“It wasn’t just the sight of the mass birthing – which is spectacular in itself – but the discovery of the calving structure and the complexities in behaviour amongst the Wildebeest social groups that was fascinating. I was able to observe the tell-tale signs of the birthing spectacle and this final trip elevated my understanding of the Wildebeests’ way of life to a very intimate level.”
One of the most vivid experiences was witnessing the delicate juxtaposition of life and death. Within minutes of birth the calves are able to stand on its own and trot alongside their mothers. However, with the imminent threat of prowling predators such as hyenas, lions and cheetahs many of the Wildebeests become easy prey, even in the relative ‘safety’ of the short grasslands.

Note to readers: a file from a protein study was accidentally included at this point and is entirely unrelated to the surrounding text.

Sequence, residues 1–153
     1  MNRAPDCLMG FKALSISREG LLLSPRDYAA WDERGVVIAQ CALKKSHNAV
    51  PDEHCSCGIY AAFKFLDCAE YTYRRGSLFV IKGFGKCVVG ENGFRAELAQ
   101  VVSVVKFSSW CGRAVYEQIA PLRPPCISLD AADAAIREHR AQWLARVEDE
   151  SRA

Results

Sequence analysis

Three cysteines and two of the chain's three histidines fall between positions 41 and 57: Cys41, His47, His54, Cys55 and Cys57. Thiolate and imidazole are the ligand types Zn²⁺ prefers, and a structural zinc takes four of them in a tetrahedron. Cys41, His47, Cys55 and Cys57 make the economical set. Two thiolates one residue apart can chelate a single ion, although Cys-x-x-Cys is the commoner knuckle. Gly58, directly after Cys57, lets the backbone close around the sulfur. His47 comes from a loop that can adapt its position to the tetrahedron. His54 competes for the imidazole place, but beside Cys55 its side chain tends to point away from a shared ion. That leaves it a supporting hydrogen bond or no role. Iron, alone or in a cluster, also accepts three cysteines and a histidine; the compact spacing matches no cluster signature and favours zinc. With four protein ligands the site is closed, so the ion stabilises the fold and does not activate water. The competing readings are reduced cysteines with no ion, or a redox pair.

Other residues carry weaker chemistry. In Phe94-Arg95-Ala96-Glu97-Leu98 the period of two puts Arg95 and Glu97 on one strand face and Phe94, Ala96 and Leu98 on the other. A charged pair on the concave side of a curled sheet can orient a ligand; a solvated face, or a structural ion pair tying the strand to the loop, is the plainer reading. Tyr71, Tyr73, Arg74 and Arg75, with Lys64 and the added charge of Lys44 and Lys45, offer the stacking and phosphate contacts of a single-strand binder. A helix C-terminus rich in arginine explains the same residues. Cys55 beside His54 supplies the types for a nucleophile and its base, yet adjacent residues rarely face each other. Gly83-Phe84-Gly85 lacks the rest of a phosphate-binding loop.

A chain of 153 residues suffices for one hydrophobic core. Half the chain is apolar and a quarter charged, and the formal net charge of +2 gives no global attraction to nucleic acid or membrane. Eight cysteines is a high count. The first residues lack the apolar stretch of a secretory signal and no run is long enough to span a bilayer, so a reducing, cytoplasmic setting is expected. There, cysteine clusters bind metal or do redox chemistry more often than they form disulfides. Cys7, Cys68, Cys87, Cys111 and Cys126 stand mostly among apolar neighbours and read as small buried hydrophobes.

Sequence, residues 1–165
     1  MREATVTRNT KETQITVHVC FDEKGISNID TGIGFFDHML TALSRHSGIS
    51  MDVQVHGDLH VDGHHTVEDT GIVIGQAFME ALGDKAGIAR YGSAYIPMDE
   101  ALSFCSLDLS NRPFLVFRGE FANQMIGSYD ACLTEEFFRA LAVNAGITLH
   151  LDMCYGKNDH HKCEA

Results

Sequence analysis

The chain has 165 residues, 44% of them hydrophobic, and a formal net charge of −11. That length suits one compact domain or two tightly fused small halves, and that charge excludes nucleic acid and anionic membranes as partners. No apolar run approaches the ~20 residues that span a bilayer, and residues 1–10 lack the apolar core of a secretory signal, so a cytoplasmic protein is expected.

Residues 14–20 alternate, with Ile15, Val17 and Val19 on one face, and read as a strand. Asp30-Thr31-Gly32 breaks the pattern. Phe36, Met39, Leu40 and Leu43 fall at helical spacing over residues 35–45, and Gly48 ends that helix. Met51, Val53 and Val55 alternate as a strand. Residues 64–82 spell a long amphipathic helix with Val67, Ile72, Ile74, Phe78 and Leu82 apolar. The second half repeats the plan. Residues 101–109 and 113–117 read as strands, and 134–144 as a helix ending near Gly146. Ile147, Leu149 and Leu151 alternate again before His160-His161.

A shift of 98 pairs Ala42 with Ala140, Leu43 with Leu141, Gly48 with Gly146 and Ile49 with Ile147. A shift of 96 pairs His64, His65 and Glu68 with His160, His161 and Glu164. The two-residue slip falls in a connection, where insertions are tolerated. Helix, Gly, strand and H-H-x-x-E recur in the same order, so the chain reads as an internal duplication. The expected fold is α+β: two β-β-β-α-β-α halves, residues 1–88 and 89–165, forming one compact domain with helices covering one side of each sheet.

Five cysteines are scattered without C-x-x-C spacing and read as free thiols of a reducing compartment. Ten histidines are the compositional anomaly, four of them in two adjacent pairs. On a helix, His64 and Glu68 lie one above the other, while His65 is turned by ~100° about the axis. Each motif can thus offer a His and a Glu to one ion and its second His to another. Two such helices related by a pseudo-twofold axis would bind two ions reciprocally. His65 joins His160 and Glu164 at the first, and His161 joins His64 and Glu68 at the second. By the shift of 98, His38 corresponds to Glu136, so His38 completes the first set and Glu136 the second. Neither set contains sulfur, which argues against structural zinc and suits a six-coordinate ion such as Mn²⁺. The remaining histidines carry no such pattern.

Accompanying Ben on this expedition was Ali McCann – a Melbourne based visual artist and arts educator who was able to lend her penetrating gaze in the pursuit of recreating the awe-inspiring moments of the Wildebeest calving.
“It was such a fantastic opportunity to explore wildlife photography; something I had not explored in great depth in my photographic work until now. I felt as though I was learning so much about the entire African ecosystem on each daily adventure with Ben,” says McCann.
As the newborn Wildebeest calves make their way through the Grumeti and Mara rivers with the rest of their herd, the uplifting and irrepressible sense of new life permeates the air. And just as the calves create a new life for themselves, Ben’s upcoming book detailing the stunning intricacies of the Wildebeests’ annual migration will embark on a journey of its own.